Every human being yearns to be happy, and for this reason, most people (if not all) assume life should be happy all the time by default. Thus, whenever we are overtaken with an emotion other than happiness – whether grief, anger, fear, shock, or sadness – we somehow feel bereft of happiness altogether. 

Sometimes, our idiosyncratic imagination of a conceptualised happiness fails us as this happiness is no longer “natural”, but synthetically imagined. Therefore, when our expectations do not meet reality, and our future plays out (albeit beautifully, but) in another form as to what we had originally incepted, we are left disappointed and this vicious cycle defeats achieving happiness altogether. And often, happiness that could otherwise be perceived from multifarious avenues, becomes conformed and constricted to our perceptions of what happiness should be, rather than take it at face value for what it is, in its truest and rawest form.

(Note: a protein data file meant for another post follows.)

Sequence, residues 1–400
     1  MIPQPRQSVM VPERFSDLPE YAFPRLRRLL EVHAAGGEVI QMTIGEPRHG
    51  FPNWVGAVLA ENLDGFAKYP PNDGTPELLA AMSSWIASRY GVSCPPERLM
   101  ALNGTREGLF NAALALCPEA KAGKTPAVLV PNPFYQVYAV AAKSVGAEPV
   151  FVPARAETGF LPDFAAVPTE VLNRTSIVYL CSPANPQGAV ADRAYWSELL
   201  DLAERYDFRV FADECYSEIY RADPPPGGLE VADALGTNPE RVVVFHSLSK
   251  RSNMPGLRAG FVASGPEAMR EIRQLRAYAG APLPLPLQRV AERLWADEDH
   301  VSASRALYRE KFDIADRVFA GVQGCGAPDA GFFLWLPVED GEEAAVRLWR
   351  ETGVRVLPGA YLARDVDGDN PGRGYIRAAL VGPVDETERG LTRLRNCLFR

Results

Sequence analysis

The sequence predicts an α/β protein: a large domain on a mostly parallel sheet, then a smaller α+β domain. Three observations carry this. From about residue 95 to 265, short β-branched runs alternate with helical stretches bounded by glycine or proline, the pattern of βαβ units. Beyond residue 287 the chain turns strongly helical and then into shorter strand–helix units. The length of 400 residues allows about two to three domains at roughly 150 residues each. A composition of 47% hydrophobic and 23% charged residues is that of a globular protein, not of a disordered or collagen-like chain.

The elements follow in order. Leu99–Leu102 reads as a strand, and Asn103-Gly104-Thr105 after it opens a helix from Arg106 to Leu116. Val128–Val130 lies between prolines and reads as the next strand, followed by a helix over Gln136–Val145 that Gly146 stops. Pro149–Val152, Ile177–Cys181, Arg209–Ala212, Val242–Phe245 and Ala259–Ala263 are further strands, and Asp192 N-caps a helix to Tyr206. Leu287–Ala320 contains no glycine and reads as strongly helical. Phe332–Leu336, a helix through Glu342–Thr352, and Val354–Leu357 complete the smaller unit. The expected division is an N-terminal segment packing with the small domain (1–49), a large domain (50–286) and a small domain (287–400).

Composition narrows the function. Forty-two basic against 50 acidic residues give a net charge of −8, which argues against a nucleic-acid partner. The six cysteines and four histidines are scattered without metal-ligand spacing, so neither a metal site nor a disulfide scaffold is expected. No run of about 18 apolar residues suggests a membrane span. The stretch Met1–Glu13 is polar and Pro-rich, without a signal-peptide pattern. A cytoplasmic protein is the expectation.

The science behind happiness

It, therefore, becomes paramount to acknowledge that happiness is a way of being/thinking, as opposed to being an end goal. Hence, it is intrinsic to recognise and understand the power and sway that the mental state of our mind can have on us too. For this, it is imperative to acknowledge the science behind happiness.  

“When people feel happy, they often feel physical sensations – a rush of passion, a flutter of joy – that correspond to brain signals sent to nerves in the heart, circulatory system, skin, and muscles. These physical sensations are accompanied by chemical changes in the brain which are interpreted as pleasurable.” (Ronald Siegel, What physical changes occur when I am happy?)